The tip of the iceberg didn’t sink the Titanic.

Who would ever think that something as inconsequential as a manicure would be the tip of an iceberg? Somedays I look at my hands — never my best feature — in despair. Nails chipped and split, cuticles like the pithy strips inside an orange.

Lately, I haven’t had time to indulge myself, because during the hours I have help for Peter I have to squeeze in shopping, errands, or all-important time to get together with friends. Yet, I make time to attend to his fingernails. He can’t, or won’t, do it anymore. His nails are strong enough to, well, pull nails, and they’re very difficult to trim. I have him soak his hands in warm soapy water to make it easier on both of us, but he complains and wiggles, although I think he secretly likes it.

And I drag him to get his hair cut and beard trimmed. I’ve tried to do both, but failed. I schedule our appointments back-to-back for my convenience. It’s one less trip, but it does take away from that bit of time for myself. Such a small thing, an iceberg’s tip, but underneath…!

images-1As dementia — Alzheimer’s — continues its march, I know more and bigger icebergs lurk. I already have a list of potential problems that lie ahead. The only thing this caregiver can do is lookout for laughs — lifesavers — and go full speed ahead.

2016 National Society of Newspaper Columnists’ contest, second place, blog category.

screen-shot-2016-12-07-at-10-14-53-am

 

 

Header: A “berger bit” iceberg in Alaska, September 2006.

Sweet talk.

Valentine’s Day crept on me, but I decided not to rush out to buy a card for my husband. Instead we’d go to our favorite spot for coffee. Oh, yes, I did cut a big heart out of newspaper and put it in his chair this morning and, yes, I did leave a message on his little white board. He didn’t notice either of them.

When I suggested we go to Our Daily Bread, his eyes lit up. We walked so I could justify one of their beautifully decorated heart-shaped sugar cookies. The place was bustling, as always, and even at 9:30 we were too late to get Valentine cookies. Peter eyed a strawberry-studded chocolate gateau, but in the end, we settled on our favorite apple turnovers.

After repeating his usual questions several times — “any news from upstate? ” and “how’s the big guy?” — he wanted to know what he could say that wasn’t the same old thing.

“How about ‘Happy Valentine’s Day?'” I said.

“When is it?”

“Today.”

“I didn’t know,” he said. He patted my hand and shook his head.

“Oh well, this is better than a card anyway. Two apple turnovers and two coffees for only eight dollars and forty-six cents.”

“Cheaper than a card,” he said.

“You’re a cheap date,” I told him.

images-1

2016 National Society of Newspaper Columnists’ contest, second place, blog category.

screen-shot-2016-12-07-at-10-14-53-am


Could be a whole lot worse!

Most of January, I was mired in gloom worthy of Charles Dickens’ Bleak House, and for no good reason really. We are fortunate to have good long-term care insurance, I have companion help for Peter, and house-cleaning help for me. Best of all, Leslie is close by to bolster me, and Carolynn cheerleads from 596 miles away.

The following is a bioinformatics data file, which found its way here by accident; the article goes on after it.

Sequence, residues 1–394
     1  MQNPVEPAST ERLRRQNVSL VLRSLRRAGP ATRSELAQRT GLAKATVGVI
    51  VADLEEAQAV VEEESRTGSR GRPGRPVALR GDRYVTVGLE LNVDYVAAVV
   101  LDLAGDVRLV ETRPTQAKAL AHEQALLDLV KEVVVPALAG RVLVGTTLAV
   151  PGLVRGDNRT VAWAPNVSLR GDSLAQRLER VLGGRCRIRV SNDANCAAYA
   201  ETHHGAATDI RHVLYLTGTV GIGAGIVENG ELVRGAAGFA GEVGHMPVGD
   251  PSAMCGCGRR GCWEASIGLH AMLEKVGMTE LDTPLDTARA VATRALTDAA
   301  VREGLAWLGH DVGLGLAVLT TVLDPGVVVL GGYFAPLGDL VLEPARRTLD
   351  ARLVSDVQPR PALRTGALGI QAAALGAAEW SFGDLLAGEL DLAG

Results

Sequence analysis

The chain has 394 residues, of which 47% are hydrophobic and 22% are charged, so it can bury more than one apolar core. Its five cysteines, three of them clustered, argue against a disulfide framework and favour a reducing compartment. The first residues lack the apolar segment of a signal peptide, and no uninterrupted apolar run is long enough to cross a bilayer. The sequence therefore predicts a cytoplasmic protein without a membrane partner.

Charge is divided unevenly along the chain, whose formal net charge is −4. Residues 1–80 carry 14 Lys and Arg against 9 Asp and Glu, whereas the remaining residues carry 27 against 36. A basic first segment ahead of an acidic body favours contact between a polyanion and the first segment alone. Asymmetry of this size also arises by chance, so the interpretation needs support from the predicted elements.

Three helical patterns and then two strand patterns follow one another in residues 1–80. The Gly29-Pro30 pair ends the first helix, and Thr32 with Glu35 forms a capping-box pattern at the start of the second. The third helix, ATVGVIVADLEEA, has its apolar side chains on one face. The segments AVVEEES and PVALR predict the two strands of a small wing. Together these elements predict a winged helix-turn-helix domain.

Could be a whole lot worse.

A well-timed phone call jerked me right back to my senses last week. Several times a year, our insurance company nurses call to ask routine questions: “Does Mr. Clarke need help bathing himself? Does he need help brushing his teeth? Has Mr. Clarke had any falls lately? Does he need help toileting? Is he incontinent? Does he have a problem falling asleep or staying asleep?” I always answer no. When they ask him directly how he’s doing, he charms them with a cheery “So far, so good.”

Before she rang off the nurse asked for more detail about his days. Peter is way more forgetful than the last time she checked, I told her, and more confused generally. And no, he can’t really converse except with me or other family members. We try to fill in the blanks and make sense of what we think he wants to say.

But, Peter copes better than most. He doesn’t need nursing care — yet — and he still “lets the dog walk him twice a day.” His sense of humor is intact, and although he often wears me out with his silly jokes and continuous corny patter, he takes care of me in the only way he can. He makes me laugh.

A recent morning for instance.

img_4789

If not now, when?

I’d been begging him to get rid of the moth-eaten, raggedy wool sweater he wears all the time. I dug into his drawerful of English cardigans —”cardis” he calls them — and found a marine blue double knit one. “Maybe you’d like to wear this for a change,” I said when I handed it to him. I thought sure he’d recognize it as one his mum had sent more than forty-five years ago, but he didn’t. He’s never worn it, but he’s always said he would when he was an old man. If not now, when? I thought.

Darned if he didn’t put it on right away. I wasn’t surprised how perfect it looked with the blue tattersall shirt he was wearing. I spread praise thickly.

He looked in the mirror, tucked his chin in, puffed his chest out, and said in a rumbling Churchillian voice, “Hrmp hrmp, erm, yes, jolly good, yes, I say, yes, mmm….”